Sufism in the Light of Orientalism

Sufism in the Light of Orientalism
Algis Uždavinys

Research Institute of Culture, Philosophy, and Arts

This article offers a discussion of the problems regarding different interpretations of Sufism, especially those promoted by the 19th century Orientalists and modern scholars. Contrary to the prevailing opinions of those European writers who “discovered” Sufism as a kind of the Persian poetry-based mysticism, presumably unrelated to Islam, the Sufis themselves (at least before the Western cultural expansion) regarded Sufism as the inmost kernel of Islam and the way of the Prophet himself.

The title of our paper is rather paradoxical and not without irony, especially bearing in mind the metaphysical connotations of the word “light” (nur in Arabic), which is used here, however, in the trivial ordinary metaphorical sense and has nothing to do with any sort of mystical illumination. It certainly does not mean that Orientalism would be regarded as a source of some supernatural light, although the “light of knowledge”, upon which the academic scholarship so prides itself, may be understood simply as one hermeneutical perspective among others, thereby establishing the entire cluster of interpretative tales, or phenomenological fictions which are nonetheless sufficiently real within their own imaginative historical, if not ontological, horizons.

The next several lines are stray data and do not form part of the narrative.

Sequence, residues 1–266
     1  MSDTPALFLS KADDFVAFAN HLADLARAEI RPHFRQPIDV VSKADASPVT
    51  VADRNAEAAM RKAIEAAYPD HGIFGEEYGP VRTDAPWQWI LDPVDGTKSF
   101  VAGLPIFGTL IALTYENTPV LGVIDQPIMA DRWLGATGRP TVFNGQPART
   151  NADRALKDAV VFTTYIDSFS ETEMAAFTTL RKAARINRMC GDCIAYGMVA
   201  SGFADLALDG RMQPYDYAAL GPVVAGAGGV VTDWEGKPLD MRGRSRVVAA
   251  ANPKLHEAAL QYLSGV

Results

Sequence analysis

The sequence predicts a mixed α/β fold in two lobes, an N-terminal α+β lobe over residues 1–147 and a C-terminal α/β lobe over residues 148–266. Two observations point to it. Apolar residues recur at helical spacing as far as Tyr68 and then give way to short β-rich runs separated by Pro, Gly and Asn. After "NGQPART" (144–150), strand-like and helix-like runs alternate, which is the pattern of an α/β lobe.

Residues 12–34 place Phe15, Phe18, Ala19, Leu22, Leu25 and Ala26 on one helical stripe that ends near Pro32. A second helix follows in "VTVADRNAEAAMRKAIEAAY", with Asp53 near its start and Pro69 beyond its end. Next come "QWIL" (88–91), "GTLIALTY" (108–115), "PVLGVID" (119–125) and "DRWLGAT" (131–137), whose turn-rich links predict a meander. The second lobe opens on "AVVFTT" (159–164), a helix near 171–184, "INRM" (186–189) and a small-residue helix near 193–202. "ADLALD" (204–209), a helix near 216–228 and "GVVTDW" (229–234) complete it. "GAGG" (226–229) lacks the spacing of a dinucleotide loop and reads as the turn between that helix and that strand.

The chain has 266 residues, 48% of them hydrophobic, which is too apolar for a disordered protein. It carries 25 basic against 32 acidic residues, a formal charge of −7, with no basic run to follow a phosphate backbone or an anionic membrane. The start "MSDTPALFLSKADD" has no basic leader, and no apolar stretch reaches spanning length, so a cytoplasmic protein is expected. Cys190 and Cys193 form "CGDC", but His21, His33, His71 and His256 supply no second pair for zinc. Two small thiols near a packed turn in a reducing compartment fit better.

The scholarly term “Sufism” (with the “-ism” ending characteristic of the prestigious tableaux of modern Western ideological constructions) was introduced in the 18th century by the European scholars, those who were more or less connected to the late 18th century policies of the East India Company. It appeared in the context of certain ideological and cultural predispositions as well as highly selective and idealized expectations. This context included the myth of the philosophical wisdom of the ancient Persians, invented or rather revived by the Neozoroastrian reformers in Moghul India. The myth itself was saturated with the Neoplatonic ideas of Ishraqi philosophers (reinterpreted in Iran under Safavids) when the famous Suhrawardian concepts (hikmat al-ishraq) and ambivalent claims were persistently but incorrectly attributed to the ancient Persian sages. The discovery and publication of such semi-phantasmagoric Neozoroastrian texts as Dabistan al-Madhahib (The School of Religions) and Dasatir (rendered as The Sacred Writings of the Ancient Persian Prophets), which stemmed from the school of Adhar Kayvan and had very little to do with real Zoroastrism, supported the distorted but fascinating view that Iranians possessed a distinguished metaphysical heritage which they had entirely forgotten. Therefore, no wonder the newly discovered “Sufism” is regarded as a fundamentally Persian spiritual phenomenon to be traced back to the estimated Indian roots.

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Sufism in the Light of Orientalism
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